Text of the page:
Every 10 minutes, another person is added to the United States organ transplant waiting list. According to the U.S. Government Information on Organ Donation and Transplantation, as of August 2017, there were 116,000 men, women, and children awaiting an organ transplant — and that number continues to grow. These statistics are staggering, but you can help through organ donations and living donations.
Choosing to become an organ donor or a living donor can make an immediate and positive impact on others. One organ donor alone can save up to eight lives, and the same donor can improve the lives of 75 other individuals through tissue donations.
Let’s look at the two types of donation and cover what you’ll need to know about each type before signing up.
What is Organ Donation?
Organ donation is the transplant of healthy organs and tissue from a recently deceased person to an individual or individuals who are on the organ transplant waiting list.
Contrary to popular belief, a variety of organs can be donated and transplanted — you are not limited to donating your heart, liver, and kidneys. You can also donate your pancreas, lung, intestine, and vascularized composite allografts (VCAs), which include skin, bones, connective tissue, blood vessels, and other structural elements.
Doctors can also combine transplants: the kidney and pancreas can be transplanted at the same time, and the same applies to the heart and lungs.
Who Can Apply for Organ Donation?
Most people are familiar with organ donation, and becoming a donor is as easy as filling out an extra form when registering for or renewing your driver’s license at your local California DMV office. You can also visit the Donate Life California Organ and Tissue Donor Registry website to register.
You might be surprised to learn that there are few limitations to becoming an organ donor. There is no age limit, so anyone including the elderly and individuals under 18 years old (with parental consent) can choose to become a donor. There are very few health conditions that prevent you from donating; but depending on your existing health conditions, you may only be able to donate certain organs. Your health and the organs you can donate is something a medical professional will be able to determine postmortem.
What is a Living Donation?
Fewer people know about becoming a living donor, but this practice is just as vital for helping save lives and keep a friend, loved one, or even a stranger from waiting on the national transplant wait list. Shockingly, around 20 people die each day while waiting for a transplant — which is all the more reason to consider becoming a living donor.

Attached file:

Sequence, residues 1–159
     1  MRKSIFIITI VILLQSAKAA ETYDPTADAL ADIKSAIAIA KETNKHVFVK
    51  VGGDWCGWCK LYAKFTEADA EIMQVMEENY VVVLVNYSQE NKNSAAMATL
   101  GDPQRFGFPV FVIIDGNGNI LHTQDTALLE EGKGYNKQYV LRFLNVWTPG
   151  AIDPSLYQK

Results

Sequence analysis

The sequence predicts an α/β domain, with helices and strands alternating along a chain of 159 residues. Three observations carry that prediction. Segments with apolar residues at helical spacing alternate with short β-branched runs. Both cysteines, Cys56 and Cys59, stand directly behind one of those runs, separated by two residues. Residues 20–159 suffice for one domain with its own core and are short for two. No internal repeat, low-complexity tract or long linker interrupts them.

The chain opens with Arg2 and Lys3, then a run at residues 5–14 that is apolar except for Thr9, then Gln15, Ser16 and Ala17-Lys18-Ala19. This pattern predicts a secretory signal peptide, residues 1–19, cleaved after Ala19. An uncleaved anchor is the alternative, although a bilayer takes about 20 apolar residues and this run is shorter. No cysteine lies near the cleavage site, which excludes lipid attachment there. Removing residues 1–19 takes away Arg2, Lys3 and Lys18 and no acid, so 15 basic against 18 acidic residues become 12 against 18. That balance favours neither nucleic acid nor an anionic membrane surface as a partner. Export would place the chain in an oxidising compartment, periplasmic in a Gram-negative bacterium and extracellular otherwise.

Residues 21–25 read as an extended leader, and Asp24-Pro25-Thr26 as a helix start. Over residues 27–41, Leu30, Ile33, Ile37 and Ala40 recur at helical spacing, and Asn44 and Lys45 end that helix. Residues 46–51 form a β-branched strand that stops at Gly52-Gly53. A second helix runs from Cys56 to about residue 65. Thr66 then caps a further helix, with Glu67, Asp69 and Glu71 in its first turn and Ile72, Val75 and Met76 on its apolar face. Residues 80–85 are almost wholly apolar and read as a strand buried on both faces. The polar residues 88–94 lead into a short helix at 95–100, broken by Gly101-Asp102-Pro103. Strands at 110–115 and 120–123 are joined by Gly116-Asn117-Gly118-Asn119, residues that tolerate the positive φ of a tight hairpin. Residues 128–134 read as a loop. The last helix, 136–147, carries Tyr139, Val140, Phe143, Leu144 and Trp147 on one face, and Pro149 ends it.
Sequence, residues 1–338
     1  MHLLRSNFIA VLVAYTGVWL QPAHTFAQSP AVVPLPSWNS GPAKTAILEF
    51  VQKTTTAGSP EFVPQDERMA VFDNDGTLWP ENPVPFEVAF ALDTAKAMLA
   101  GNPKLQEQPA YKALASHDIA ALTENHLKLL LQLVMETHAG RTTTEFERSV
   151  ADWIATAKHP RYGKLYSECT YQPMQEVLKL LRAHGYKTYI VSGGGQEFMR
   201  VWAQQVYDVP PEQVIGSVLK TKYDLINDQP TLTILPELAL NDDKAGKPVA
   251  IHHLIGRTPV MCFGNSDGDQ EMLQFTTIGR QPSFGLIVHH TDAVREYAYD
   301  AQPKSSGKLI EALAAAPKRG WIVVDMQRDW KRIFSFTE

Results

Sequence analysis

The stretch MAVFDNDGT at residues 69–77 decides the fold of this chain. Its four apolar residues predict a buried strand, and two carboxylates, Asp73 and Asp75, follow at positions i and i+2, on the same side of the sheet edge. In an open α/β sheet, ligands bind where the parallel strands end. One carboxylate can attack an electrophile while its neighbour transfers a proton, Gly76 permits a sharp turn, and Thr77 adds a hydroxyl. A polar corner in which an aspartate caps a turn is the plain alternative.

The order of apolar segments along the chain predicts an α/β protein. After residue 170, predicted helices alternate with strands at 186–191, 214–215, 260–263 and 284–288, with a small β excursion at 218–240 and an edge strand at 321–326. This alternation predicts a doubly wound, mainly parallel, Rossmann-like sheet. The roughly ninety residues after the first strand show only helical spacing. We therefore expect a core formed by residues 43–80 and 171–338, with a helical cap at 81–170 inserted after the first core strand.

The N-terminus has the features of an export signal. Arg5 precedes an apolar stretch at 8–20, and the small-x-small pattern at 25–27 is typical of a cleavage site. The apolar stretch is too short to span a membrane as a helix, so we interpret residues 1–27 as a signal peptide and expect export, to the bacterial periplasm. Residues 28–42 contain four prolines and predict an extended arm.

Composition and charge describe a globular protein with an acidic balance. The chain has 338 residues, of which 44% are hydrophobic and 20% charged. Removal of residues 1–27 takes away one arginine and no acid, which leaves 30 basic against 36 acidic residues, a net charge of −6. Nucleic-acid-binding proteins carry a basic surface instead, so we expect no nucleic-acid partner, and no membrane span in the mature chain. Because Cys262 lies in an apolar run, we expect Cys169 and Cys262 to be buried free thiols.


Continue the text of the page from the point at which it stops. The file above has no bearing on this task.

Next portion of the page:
A living donation is reserved primarily for liver and kidney transplants; and unlike organ donation, a living donation requires you to undergo a surgical procedure. It is important to be in good health for donation: a living kidney donor will experience some decrease in kidney function. But if you donate a portion of your liver, this organ has regenerative capabilities and will eventually return to normal functioning.
It’s also possible to donate a portion of your lung, intestine, pancreas, or heart as a living donation — but these transplants are much rarer.
Who Can Apply for a Living Donation?
Unlike organ donation, some limitations apply when it comes to a living donation. It also depends on what organ (or a portion of an organ) you want to donate. Check with your healthcare professional to see if you are a good candidate for a living donation.
The registration and screening process is also more vigorous than signing up to be an organ donor. You have to complete a living donor registration form to determine whether you meet the criteria. Once approved, you have to undergo a medical evaluation to ensure your involvement poses minimal risk to both yourself and the organ recipient.
Give Someone a Second Chance
Both organ donations and living donations can help keep countless people alive each year; and by becoming a donor, you can have a direct impact someone’s life. Find out whether you might be a good candidate for organ donation by consulting a doctor today.